So with that out of the way, I’ll say that I was fairly impressed with this little book – and while it was just a 100 or so pages long, it was quite informative and told an interesting story. From different faerie races, to how the world below reacts..to what these faeries (or Sidhe) do, to what they eat, to how they dress..and even to the weapons they make and the conflicts they have, these journals here covered a large array of topics that kept me quite interested. After finishing the final chapter, I found myself even more curious about faerie folk in general – and also came away knowing a bit more about them (at least in the way that they were portrayed here).

Along with the decent amount of information given on faerie folk, I was also quite pleased with the visual aspect of this book. Not only were there several illustrations, some full-paged, others smaller, but the pages themselves were done in a way which made the whole thing appear weathered and old – giving it more of a magical and enchanting feel. That in itself, added to the experience, and truly made this a stand out.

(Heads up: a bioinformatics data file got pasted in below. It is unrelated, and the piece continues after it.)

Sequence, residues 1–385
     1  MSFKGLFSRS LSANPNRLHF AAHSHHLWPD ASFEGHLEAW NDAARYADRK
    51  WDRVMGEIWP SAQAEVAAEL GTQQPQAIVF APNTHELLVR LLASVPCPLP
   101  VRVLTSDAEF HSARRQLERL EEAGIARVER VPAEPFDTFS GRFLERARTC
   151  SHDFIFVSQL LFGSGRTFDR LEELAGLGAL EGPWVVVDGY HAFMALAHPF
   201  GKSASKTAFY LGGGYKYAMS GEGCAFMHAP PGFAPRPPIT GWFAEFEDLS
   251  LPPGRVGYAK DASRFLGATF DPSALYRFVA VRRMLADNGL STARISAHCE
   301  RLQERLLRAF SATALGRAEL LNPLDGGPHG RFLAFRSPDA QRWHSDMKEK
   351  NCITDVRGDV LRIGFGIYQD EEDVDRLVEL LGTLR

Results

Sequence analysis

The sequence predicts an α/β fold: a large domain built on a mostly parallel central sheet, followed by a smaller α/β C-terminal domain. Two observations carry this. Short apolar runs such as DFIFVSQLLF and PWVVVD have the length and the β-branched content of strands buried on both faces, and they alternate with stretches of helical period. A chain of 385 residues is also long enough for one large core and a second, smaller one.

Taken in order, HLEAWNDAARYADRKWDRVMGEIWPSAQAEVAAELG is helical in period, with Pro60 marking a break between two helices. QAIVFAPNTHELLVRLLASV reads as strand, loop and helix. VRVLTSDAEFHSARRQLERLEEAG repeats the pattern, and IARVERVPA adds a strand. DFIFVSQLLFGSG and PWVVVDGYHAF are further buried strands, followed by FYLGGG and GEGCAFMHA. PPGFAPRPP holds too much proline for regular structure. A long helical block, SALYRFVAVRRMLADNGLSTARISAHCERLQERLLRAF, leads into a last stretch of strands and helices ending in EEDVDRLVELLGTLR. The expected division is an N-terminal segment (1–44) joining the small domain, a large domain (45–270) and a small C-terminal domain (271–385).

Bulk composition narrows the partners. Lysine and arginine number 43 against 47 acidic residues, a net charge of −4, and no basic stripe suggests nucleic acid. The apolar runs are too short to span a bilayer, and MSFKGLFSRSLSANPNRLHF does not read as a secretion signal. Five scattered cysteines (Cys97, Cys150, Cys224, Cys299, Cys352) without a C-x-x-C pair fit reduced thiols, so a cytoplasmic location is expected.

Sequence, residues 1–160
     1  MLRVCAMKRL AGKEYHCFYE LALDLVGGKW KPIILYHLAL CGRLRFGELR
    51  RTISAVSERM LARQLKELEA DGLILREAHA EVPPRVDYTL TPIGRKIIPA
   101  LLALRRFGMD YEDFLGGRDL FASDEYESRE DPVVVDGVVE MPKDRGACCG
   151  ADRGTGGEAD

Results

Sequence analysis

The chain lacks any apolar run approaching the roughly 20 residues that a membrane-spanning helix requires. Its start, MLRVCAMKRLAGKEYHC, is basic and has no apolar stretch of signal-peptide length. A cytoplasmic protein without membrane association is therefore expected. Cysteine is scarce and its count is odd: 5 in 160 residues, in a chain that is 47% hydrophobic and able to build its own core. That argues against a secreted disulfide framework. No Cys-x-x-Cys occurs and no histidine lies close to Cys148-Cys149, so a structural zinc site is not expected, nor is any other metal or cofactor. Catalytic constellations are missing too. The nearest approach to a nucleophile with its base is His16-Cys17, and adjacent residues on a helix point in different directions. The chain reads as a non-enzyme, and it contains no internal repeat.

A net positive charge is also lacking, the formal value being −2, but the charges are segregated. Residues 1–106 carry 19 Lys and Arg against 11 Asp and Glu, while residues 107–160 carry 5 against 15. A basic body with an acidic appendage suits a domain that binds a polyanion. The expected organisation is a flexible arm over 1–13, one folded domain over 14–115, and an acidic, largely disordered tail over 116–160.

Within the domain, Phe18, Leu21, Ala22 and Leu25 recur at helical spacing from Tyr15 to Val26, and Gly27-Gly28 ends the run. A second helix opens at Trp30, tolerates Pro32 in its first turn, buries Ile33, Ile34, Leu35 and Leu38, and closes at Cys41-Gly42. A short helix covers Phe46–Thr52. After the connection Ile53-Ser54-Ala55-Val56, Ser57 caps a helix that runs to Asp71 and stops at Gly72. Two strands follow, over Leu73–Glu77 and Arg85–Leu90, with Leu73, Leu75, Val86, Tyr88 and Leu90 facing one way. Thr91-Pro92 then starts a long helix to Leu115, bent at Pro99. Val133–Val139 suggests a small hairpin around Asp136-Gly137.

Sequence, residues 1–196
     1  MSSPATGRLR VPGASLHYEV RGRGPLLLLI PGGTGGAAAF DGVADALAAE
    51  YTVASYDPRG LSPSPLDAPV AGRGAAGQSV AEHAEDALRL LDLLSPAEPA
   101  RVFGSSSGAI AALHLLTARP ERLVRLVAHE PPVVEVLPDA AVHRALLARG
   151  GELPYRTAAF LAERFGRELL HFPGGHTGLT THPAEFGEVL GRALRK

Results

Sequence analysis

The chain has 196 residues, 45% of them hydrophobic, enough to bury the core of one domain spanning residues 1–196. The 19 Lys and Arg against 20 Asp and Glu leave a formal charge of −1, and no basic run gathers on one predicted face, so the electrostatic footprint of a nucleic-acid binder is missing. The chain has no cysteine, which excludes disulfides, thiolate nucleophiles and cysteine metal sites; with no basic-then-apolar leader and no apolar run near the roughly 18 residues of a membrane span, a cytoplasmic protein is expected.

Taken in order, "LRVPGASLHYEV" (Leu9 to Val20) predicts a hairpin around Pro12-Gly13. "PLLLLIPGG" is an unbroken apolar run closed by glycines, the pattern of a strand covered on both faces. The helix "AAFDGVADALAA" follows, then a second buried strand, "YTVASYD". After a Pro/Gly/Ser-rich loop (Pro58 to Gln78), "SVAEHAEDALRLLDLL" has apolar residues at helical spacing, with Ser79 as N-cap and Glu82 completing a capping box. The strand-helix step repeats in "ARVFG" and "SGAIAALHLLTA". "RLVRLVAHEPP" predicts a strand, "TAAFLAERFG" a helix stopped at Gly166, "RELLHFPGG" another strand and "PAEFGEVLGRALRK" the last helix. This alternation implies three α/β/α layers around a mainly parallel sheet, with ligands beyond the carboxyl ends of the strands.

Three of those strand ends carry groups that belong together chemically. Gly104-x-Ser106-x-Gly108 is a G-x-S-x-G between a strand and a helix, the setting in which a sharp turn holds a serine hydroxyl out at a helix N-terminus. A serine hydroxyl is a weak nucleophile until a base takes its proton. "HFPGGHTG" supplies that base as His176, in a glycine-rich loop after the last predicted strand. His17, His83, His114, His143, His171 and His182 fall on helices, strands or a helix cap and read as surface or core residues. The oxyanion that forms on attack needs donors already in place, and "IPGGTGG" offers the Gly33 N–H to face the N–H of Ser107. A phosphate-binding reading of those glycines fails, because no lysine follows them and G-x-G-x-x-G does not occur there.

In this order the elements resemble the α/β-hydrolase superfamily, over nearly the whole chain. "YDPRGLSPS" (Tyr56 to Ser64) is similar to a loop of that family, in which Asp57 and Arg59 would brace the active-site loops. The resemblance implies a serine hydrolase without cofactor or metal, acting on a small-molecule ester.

Overall, I felt “The Secret Lives of Elves and Faeries” was well done, both visually and informatively. From the unique illustrations, to the story told within, I was quite pleased. While this book isn’t necessarily something that should be taken seriously — given the extreme claims made by Matthews – essentially stating that the manuscript everyone knows isn’t the real deal – it is a book that when read for pure enjoyment, can be quite fulfilling. And while much of this “journal” was perhaps created by Matthews himself – he IS an educated historian and folklorist – so for that, he gets some credit when it comes to the information presented, whether the journal itself is a work of fiction or not. All in all, this was a very nice and pleasant read; one that anyone could enjoy, especially if you’re interested in Faeries.

(3 and 1/2 out of 5)